Stephen :: Radar of Small Dogs / The Clean :: Tally Ho / Platypus / Boodle Boodle Boodle

Not much in life is guaranteed — but you can be pretty damn sure that if David Kilgour’s name appears on a record, you’re in for something great. Whether playing with The Clean, solo, The Great Unwashed, or with the Heavy 8s, the New Zealand singer-songwriter-guitarist has 40 years’ worth of killer music behind him…and hopefully more to come. While we wait for fresh Kilgour, though, let’s check out some recent reissues. 

First, there’s a necessary LP from one of David’s post-Clean groups—the short-lived but quite brilliant Stephen. Formed in the mid-1980s, the band only released one EP: the sparkling (and frustratingly hard to come by) Dumb on Flying Nun. Radar of Small Dogs helpfully collects that EP along with some equally awesome extra tracks, both studio and live. Compared to other outfits, Stephen drops a slightly dreamier veil over Kilgour’s rougher edges to marvelous effect. His guitar work, as ever, is hypnotic and diamond-sharp; Kilgour can do more with a blurry strum and a Velvety D-to-G chord progression than most players do in a lifetime. In his hands, you’re always surfing a new wave.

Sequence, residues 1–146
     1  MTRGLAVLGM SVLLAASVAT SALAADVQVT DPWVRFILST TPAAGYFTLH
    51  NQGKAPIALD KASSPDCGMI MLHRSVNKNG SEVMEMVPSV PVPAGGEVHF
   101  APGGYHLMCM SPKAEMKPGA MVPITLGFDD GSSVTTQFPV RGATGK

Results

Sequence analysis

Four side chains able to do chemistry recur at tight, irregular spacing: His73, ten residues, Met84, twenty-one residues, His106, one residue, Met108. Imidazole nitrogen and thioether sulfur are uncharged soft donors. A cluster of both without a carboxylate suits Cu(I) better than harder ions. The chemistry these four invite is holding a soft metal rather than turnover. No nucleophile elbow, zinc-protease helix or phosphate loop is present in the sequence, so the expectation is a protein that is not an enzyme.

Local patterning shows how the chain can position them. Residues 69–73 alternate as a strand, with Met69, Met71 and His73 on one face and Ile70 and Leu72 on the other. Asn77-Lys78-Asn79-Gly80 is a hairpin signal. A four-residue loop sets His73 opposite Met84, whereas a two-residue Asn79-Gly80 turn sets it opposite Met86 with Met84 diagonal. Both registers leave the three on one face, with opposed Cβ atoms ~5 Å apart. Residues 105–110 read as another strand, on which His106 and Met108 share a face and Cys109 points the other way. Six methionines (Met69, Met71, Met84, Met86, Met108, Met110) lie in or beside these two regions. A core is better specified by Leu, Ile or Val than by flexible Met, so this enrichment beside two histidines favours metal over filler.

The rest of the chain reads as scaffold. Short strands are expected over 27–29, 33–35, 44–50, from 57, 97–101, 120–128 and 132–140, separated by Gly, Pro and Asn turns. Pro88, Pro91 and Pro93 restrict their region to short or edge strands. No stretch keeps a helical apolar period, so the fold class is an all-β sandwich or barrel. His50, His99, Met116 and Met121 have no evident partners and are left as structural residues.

Next up, Merge has dusted off some of the earliest, most iconic (and yes, also hard to come by) Clean releases — the Tally Ho single and the Boodle Boodle Boodle EP, both released in 1981. These latest versions take advantage of New Zealand’s Alexander Turnbull Library Archives, the new home of the Flying Nun label archives (now that’s a nation’s tax dollars put to good use). That means that these radical records have been remastered from the original tapes … and sound even more radical than ever, if you can believe it. Those glorious guitars chime and jangle, the rhythm section blasting along behind. “[I]t sounds like we intended it, really,” Kilgour told Maggot Brain recently. “Surprisingly, it’s better than it ever sounded.” In other words, even if you’ve already fallen in love with The Clean, get ready to fall in love all over again. | t wilcox

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